Two weeks way in the French West Indies sure is good for the soul
March 8th, 2013

Two weeks way in the French West Indies sure is good for the soul. I highly recommend it. I took all my devices with me, of course, because a day without email is like a day without meaning. Returning to campus without having checked in and replied to various requests for this and that would have been unthinkable. As we all know, anything is possible if you’re connected to the Internet and so staying in touch with the home office is simply a fundamental part of a dean’s life these days. Most people I replied to had no clue I was sitting on a beach chair with a frozen margarita by my elbow. But I was.

While away I spent some time tracking the debate around MOOCs—Massive Open Online Courses—which is getting more dense and animated, now that these courses have been up and running for a while. I can’t really say with any certainty that I know where MOOCs are headed or whether they will significantly alter the experience of postsecondary learning but the topic is fascinating. Every day there is fresh commentary, especially generated in the USA where MOOCs are far more top of mind than here in Canada, at least so far. More to the point, the research on the actual benefits and effectiveness of MOOCs is just beginning. Until there is more evidence of the business and learning model, most universities will simply monitor their potential for now.

MOOCs, as I have written before in this space, have been acquiring student learners in staggering numbers. Stanford‘s MOOCS boast about 100,000 people a course.  That’s the massive part of the descriptor, for sure. A recent Chronicle of Higher Ed article updating readers on the state of MOOCs notes that dozens of universities worldwide are now delivering such courses, including McGill and the UoT. Are they or will they transform our institutions entirely? We probably need another five years of MOOCs delivery to figure that out, and to come up with appealing business models. Right now, the courses are all ‘free,’ except that they are being underwritten by huge providers.

Someone has come up with four categories of participants: lurkers, drop-ins, passive participants and active participants. Those could apply to just about anything on the web, surely. One widely reported factoid raises serious questions about how to measure the success of MOOCs. We are now hearing that only 10% of the hundreds of thousands who sign up for the free courses offered by some of the most prestigious institution in the world are completing them. This sounds like a crushingly low number until you consider that 10% of, say, a million new learners, is actually pretty high. They say that a lot of high school students are signing on to courses offered by MIT or Stanford, but a very small handful of them ever finish. This shouldn’t be surprising, either. It’s way too easy to sign up and so why wouldn’t you? They’re free, and so there’s no investment but time. If I had a dollar for every time I failed to follow up on a web-based lead or commitment I started I’d be able to finance my next Caribbean holiday.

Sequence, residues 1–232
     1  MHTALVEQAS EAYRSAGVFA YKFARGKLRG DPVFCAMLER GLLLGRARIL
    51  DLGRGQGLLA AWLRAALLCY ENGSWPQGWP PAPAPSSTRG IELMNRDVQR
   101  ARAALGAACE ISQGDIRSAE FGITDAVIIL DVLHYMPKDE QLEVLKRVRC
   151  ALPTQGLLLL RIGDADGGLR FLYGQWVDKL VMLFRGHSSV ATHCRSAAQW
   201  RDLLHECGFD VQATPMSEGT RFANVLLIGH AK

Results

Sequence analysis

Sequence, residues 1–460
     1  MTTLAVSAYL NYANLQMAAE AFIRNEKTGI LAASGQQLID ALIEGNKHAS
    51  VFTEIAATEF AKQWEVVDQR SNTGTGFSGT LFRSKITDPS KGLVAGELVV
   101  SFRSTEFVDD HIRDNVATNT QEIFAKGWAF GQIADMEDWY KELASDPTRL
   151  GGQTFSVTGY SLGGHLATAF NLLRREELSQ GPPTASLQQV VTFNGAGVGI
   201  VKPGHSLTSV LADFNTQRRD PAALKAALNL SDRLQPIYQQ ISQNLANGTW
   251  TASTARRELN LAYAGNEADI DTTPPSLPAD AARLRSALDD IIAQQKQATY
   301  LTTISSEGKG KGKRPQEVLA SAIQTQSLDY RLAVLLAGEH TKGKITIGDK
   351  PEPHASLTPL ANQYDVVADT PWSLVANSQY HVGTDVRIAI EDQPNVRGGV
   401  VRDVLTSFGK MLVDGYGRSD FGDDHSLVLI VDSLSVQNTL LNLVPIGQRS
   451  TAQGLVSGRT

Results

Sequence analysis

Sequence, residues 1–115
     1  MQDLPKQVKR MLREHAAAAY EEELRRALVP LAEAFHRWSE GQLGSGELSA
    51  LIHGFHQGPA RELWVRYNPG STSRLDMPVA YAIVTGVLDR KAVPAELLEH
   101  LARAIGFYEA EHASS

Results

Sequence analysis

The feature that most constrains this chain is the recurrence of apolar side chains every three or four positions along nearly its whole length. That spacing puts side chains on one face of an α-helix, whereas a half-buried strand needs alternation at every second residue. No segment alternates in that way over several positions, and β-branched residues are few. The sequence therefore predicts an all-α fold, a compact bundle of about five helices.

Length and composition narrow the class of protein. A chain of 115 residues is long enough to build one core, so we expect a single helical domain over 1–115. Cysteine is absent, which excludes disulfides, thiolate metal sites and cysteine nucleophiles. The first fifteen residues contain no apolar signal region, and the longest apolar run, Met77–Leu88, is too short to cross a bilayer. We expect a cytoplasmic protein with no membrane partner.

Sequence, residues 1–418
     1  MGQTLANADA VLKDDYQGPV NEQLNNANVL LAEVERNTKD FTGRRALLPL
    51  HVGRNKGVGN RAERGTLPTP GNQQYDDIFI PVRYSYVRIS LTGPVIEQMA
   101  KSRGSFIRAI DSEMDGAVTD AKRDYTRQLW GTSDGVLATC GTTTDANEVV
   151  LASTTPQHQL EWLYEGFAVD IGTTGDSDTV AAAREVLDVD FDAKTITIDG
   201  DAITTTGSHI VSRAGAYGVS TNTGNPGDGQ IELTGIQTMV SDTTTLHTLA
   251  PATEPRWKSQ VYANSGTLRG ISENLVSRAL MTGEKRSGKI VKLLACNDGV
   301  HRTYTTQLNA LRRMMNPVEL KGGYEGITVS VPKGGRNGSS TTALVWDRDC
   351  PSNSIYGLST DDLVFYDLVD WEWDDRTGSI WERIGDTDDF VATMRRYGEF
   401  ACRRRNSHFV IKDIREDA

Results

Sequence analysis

Another recent development is that MOOCs are starting to acquire legit academic credentials, and so they are not simply for anyone in the universe who happens to be interested in a subject for its own sake. They will soon start to count towards degrees. But what about students who are getting degrees by paying a fortune in tuition? If you can get a degree someday from MIT for free then why would you bother paying $30,000 plus a year? Clearly a new business model needs to be thought through. No one has figured it out quite yet. Not even the geniuses at Harvard.

I love the argument that it’s impossible to assess what students are actually learning in MOOCs. Right, like it’s so easy to figure out otherwise.  I’ve been invited to a conference in the fall where the topic will have a lot to do with learning technologies trends and the whole MOOCs initiative. Perhaps by then there will be more research on the real effects of this wired phenomenon. Until then, and until charges start to apply, perhaps I really ought to sign up for a course whose contents I can understand.

Dr. Faye Murrin is Dean pro tempore of the School of Graduate Studies and Associate Professor in the Department of Biology. She completed her B.Sc. (Hons.) at Memorial University, her M.Sc. at Acadia University, and her Ph.D. at Queen's University. Her research interests have always been focused on fungi, in particular the cell biology of insect pathogenic fungi and, more recently, the ecology of mycorrhizal mushrooms in the boreal forest. Dr. Murrin has served in a number of positions on the Council of the Mycological Society of America and was awarded the title of MSA Fellow for her contributions. She was awarded the Women in Science and Engineering Lifetime Membership Award as founding co-director of the Women in Science and Engineering (WISE) Summer Program. Dr. Murrin participates in public lectures and workshops, and is a Director on the board of Newfoundland Foray, Inc.

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